An image of a woman on the phone with a speech bubble showing that she is saying no.

“No” Is a Complete Sentence

No is a complete sentence. How many of us struggle with saying “No” when it comes to being asked to participate in a function or event? Are you a people-pleaser and struggle with letting others down? Do you fear what they would say if you did say no?

Not wanting to disappoint others

My hand is high in the air right now. I am talking and writing about myself here. I hate disappointing others or feel bad if I do not help out when asked. Therefore, I suffer in the end. It is my body, my physical being that takes the brunt of over-commitment and over-scheduling my day.

Don’t get me wrong — there are times when, yes, we must power through to be there for important things, like things our kids are doing, our job, or our spouse etc. For myself, I was running three companies, had two young kids with school activities and I wanted them to have a normal life. A life different from the one I had with a mom in-and-out of hospitals my whole life, missing important events that later in life I so wish she could have seen. 

Fighting through the pain for my kids

I swore that when I was diagnosed and given an end-stage liver disease diagnosis that my hep C would not keep me from my kid’s events. I would be sick and in so much pain, layered in clothes sitting on a bleacher seat to see my girl cheer at the football game, or on a Saturday morning watching my son bowl. It was those two things that I made sure to always be there for…my job (employees depended on me running my companies) and my children. But, and here is my big one, when it came to then my kid’s schools needing parental help with boosters and working a concession stand or going on a field trip snowshoeing in the snow, I always seemed to say “sure”.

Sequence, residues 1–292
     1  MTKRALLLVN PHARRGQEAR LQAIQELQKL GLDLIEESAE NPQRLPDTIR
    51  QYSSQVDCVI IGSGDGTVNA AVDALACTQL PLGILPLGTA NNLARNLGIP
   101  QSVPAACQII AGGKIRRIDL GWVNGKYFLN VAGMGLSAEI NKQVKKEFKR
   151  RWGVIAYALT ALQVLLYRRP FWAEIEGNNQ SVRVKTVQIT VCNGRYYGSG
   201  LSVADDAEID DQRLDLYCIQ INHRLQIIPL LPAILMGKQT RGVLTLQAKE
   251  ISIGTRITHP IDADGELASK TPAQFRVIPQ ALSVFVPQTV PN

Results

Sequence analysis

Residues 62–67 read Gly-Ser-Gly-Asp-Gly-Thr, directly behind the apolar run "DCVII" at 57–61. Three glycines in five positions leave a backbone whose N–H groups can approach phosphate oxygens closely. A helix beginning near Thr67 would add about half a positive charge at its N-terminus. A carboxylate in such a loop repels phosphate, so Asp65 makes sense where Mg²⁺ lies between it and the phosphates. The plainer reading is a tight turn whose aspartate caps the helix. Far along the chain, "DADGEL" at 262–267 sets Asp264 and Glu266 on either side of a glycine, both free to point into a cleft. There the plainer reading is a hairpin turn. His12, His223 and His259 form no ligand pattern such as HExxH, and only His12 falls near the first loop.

I would then pay for these actions for days after because I overdid it. Not only did I hurt myself but I then was not at my best for my job or my kids the days following the “other” obligations I committed to.

Setting my priorities

When going through hep C treatment I would suggest one thing — set priorities on your life. Take a few things that you know you need to be there for and learn to say “no”. It took me longer to heal after treatment because my body was so worn down, not only from the battle it fought inside me killing off the virus but over commitments, too. I wish I had someone doing a blog to give me permission to say “no” and it is ok to be selfish right now. That this time you are fighting is short and will soon be over but that I need to focus on Kim right now.

So, let me be that person to give you that permission to just say “NO”. Trust me – your body will thank you and so will those around you.

This article represents the opinions, thoughts, and experiences of the author; none of this content has been paid for by any advertiser. The HepatitisC.net team does not recommend or endorse any products or treatments discussed herein. Learn more about how we maintain editorial integrity here.

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